(3) Many elderly signers feel they are being taken advantage of, and that they have a weakness.

You might also like:

Power of Attorney at a nursing home
http://blog.123notary.com/?p=2305

Dragging the person’s arm: A signing for an elderly woman
http://blog.123notary.com/?p=610

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February 11, 2012

The Power of Attorney Signing

The Power of Attorney signing
 
Less than 1% of notarial signings are power of attorney signings, but they happen, and you need to know what to do.  The Grantor is the person who grants power of attorney to a Grantee who is the attorney in fact.  Depending on the terms of the power of attorney, the attorney in fact has special powers and rights to perform certain functions in good faith on behalf of the grantor.  In fact, a living Will is a type of health care power of attorney that gives someone the right to make health care decisions for you should you be incapacitated.  A banking power of attorney gives someone the right to do your banking for you. Attorneys in fact are generally family members, and you better trust them with your life, because your life will be in their hands.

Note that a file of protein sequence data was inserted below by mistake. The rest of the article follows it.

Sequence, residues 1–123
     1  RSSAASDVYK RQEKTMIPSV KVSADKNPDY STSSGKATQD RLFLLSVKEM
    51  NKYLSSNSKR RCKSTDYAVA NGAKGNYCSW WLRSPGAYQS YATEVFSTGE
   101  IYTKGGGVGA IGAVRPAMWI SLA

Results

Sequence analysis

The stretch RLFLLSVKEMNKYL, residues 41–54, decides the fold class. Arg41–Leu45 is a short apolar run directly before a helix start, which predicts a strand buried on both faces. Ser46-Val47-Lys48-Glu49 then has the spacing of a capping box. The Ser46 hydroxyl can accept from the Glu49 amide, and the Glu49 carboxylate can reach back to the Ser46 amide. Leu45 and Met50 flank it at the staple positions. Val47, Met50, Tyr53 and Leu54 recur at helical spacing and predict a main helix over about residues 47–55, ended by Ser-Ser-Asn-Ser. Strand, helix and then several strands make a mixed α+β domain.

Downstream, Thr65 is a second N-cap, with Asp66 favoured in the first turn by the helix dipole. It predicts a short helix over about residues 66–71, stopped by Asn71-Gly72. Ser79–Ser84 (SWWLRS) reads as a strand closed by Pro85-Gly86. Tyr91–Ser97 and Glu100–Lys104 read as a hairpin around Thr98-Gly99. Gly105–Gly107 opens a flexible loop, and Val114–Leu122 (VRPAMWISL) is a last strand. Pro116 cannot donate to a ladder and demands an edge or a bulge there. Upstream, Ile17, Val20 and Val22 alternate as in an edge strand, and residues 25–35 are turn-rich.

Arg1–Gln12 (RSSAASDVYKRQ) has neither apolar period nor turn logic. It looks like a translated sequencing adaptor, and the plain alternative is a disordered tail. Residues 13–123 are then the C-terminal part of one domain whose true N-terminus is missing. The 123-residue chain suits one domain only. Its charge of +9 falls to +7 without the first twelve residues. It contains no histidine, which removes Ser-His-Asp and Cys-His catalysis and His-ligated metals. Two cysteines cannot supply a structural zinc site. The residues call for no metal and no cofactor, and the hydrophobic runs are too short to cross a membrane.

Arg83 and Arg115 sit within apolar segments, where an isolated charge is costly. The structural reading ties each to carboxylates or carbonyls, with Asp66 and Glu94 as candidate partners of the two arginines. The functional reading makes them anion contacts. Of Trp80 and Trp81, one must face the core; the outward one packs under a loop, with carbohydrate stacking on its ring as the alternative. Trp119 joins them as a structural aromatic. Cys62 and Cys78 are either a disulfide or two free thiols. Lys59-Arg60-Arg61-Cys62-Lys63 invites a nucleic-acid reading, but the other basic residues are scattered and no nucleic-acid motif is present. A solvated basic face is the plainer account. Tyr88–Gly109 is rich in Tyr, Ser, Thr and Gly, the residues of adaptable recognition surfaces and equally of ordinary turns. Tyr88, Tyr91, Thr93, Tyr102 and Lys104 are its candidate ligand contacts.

Getting a power of attorney
To sign as an attorney in fact, you need to have a notarized power of attorney document.  BTW, banks will typically only allow their own custom made forms from their particular bank.  These forms typically don’t have room for your notarial seal, but the banks don’t seem to mind!
 
Signing documents
At a signing, the attorney in fact was there to sign a Deed on behalf of the grantor.  John Smith was signing on behalf of Reginald Smith.  The verbiage you can use for signing is:
 
Reginald Smith, by John Smith, his attorney in Fact    or
John Smith, as attorney in fact for Reginald Smith.
 
I prefer the latter, because it allows you to sign your own name instead of forging Reginald’s name. 
 
Initialing?
Since it was a Deed of Trust, it needed to be initialed at the bottom.  But, how do we do this?  JS, as attorney in fact for RS?  JS for RS?  RS by JS?  There is no standard way of initialing as an attorney in fact.  Perhaps John should initial only as himself without mentioning capacity?  JS… 
 
Conclusion
Power of attorney signings are not hard.  You just need to know the basic procedure and you are fine.  Take thumbprints for all notarizations involving  a power of attorney.
 
Commenting on this blog
If you would like to comment, you are invited.  Even if your opinion is far out, we and the other readers look forward to it.